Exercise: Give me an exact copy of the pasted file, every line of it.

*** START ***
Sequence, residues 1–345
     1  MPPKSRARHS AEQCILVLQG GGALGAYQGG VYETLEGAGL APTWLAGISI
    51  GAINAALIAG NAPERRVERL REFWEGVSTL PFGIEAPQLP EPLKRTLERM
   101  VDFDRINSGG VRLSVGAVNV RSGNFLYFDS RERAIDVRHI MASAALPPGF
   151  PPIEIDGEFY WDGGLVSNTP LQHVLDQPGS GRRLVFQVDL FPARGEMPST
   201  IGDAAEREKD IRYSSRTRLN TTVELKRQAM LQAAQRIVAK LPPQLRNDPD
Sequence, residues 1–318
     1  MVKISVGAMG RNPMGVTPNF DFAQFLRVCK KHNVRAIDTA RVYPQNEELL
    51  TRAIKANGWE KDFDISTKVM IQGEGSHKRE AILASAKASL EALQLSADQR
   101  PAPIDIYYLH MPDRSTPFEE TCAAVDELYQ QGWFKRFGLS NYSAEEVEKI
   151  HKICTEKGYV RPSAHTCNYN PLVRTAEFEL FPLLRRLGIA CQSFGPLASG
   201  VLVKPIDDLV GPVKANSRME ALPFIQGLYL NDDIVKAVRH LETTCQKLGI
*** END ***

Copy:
Sequence, residues 1–345
     1  MPPKSRARHS AEQCILVLQG GGALGAYQGG VYETLEGAGL APTWLAGISI
    51  GAINAALIAG NAPERRVERL REFWEGVSTL PFGIEAPQLP EPLKRTLERM
   101  VDFDRINSGG VRLSVGAVNV RSGNFLYFDS RERAIDVRHI MASAALPPGF
   151  PPIEIDGEFY WDGGLVSNTP LQHVLDQPGS GRRLVFQVDL FPARGEMPST
   201  IGDAAEREKD IRYSSRTRLN TTVELKRQAM LQAAQRIVAK LPPQLRNDPD
Sequence, residues 1–318
     1  MVKISVGAMG RNPMGVTPNF DFAQFLRVCK KHNVRAIDTA RVYPQNEELL
    51  TRAIKANGWE KDFDISTKVM IQGEGSHKRE AILASAKASL EALQLSADQR
   101  PAPIDIYYLH MPDRSTPFEE TCAAVDELYQ QGWFKRFGLS NYSAEEVEKI
   151  HKICTEKGYV RPSAHTCNYN PLVRTAEFEL FPLLRRLGIA CQSFGPLASG
   201  VLVKPIDDLV GPVKANSRME ALPFIQGLYL NDDIVKAVRH LETTCQKLGI